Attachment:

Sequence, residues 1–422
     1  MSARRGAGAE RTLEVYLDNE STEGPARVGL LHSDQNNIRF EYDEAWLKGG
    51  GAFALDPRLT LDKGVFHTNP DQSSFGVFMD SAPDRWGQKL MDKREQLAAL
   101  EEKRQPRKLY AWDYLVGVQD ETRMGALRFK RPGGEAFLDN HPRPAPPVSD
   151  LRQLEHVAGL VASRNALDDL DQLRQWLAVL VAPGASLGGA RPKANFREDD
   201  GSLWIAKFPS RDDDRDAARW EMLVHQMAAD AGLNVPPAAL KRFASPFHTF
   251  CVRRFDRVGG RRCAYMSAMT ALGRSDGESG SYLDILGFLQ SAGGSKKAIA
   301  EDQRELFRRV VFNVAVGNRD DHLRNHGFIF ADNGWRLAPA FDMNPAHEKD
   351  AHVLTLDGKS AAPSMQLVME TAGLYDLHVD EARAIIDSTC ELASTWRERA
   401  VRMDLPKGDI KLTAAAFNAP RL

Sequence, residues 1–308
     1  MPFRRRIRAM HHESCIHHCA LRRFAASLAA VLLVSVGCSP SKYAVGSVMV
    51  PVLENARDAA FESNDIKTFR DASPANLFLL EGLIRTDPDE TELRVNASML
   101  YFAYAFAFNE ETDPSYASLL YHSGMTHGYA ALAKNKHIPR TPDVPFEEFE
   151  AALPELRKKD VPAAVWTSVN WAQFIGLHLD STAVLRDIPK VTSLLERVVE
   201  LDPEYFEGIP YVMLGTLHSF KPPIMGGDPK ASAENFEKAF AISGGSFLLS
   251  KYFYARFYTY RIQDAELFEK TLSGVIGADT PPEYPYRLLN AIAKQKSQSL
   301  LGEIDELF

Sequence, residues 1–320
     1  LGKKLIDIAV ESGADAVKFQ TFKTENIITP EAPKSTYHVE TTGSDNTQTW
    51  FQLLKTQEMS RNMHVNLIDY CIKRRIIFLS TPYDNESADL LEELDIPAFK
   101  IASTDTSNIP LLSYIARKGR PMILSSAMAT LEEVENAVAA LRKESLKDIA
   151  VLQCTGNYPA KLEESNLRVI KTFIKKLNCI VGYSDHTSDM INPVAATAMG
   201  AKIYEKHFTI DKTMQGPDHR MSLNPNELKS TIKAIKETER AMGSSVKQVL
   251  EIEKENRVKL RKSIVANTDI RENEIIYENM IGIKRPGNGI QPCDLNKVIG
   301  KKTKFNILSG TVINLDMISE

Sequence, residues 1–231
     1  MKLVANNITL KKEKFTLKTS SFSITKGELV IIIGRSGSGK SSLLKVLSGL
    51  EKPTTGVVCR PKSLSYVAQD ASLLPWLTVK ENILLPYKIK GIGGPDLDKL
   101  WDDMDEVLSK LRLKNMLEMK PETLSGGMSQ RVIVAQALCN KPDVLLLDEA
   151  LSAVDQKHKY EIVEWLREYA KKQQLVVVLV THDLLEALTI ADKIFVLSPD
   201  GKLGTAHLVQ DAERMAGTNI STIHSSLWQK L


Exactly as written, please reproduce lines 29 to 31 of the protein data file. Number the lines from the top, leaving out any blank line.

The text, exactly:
    51  EKPTTGVVCR PKSLSYVAQD ASLLPWLTVK ENILLPYKIK GIGGPDLDKL
   101  WDDMDEVLSK LRLKNMLEMK PETLSGGMSQ RVIVAQALCN KPDVLLLDEA
   151  LSAVDQKHKY EIVEWLREYA KKQQLVVVLV THDLLEALTI ADKIFVLSPD